The Coalition Government is insisting that the current Energy Supplement should be scrapped for all new welfare recipients including those on Newstart. This would cut Newstart by $4.40 per week and reduce recipients who already live at 26% below the poverty line, to be living at 32% below the poverty line. Consequently leaving the most disadvantaged in our community to carry the burden of budget repair, while the nation’s largest corporations receive a tax cut.

If this were such a reasonable policy, there would be support for it across mainstream Australia. There isn’t. Instead, prominent Australians are signing their names to The Australia Institute’s Open Letter to Prime Minister Malcolm Turnbull calling on him to abandon his Government’s proposed cuts to Newstart payments.

The reasons are obvious. Currently, an unemployed single parent with children receives $570.80 per fortnight. That’s only $285.40 per week. How is a parent with a child or children supposed to pay rent or a mortgage, put food on the table, pay for utilities, and look for work on this? Now the government is saying that this is too much, and they must live on less. In a country that claims to believe in a fair go, how is this fair?

Responsible representative governments should be governments of considered well-developed policy, supported by empirical evidence. Not governments of reactionary knee-jerk dog-whistling policy that is all about retribution and punishment.

We consistently hear from centre-right governments, that they are governments of stability and that only they can provide adult government. Yet, the language that centre-right governments use to describe welfare recipients and their subsequent policy prescriptions suggests otherwise.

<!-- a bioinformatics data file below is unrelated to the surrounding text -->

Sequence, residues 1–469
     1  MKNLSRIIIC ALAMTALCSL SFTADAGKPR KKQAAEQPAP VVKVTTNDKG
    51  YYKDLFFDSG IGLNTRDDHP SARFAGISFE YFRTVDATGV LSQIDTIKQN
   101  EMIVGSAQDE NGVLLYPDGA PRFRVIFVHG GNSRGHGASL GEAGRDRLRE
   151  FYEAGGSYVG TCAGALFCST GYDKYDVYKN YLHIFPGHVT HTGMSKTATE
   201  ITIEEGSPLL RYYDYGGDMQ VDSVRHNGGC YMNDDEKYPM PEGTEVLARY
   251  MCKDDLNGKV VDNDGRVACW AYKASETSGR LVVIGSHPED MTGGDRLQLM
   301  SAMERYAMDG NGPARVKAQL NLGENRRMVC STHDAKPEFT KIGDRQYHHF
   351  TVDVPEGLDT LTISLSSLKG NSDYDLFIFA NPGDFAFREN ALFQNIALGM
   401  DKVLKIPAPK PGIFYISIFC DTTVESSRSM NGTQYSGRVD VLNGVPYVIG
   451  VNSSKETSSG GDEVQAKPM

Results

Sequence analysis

Any policy that posits taking from the most disadvantaged in the community to give to the most advantaged, is the antithesis of good public policy and good representative government.

Indeed, Australians expect their governments to enact social policy that is fair and equitable. They believe that both equality and fairness are important aspects of a good society.

An Essential Poll in 2014 showed that 51% of Australians believe equality is very important and 38% believe it is somewhat important, while 62% believe fairness is very important and 30% believe it is somewhat important. In total, 89% of Australians believe equality is important to some degree, and 92% believe fairness is important to some degree.

This would suggest that the Coalition Government is out of step with community expectations when it comes to equality and fairness, and that reducing welfare payments for those in need is also out of step with community expectations.

The language of “taxed and taxed not”, like the “lifters and leaners” before it, and the “deserving and undeserving” back in the Howard years, does not live up to the expectations Australians have for a fair and equitable society.

This language does not explain why Australians are compelled to access welfare benefits. It does not explain why in a civilised society adequate welfare benefits are necessary. Nor does it achieve anything towards assisting people in finding gainful employment, especially the one in three unemployed sole parents who are struggling to make ends meet.

Moreover, it achieves nothing in creating a harmonious, tolerant, fair, and equitable society. In fact, it will likely achieve the opposite. It will likely create an Australia of individuals, competing for what they can get at the expense of others. An Australia in which there is no society — only Individuals. Margaret Thatcher would have been proud of her modern antipodean conservative brethren.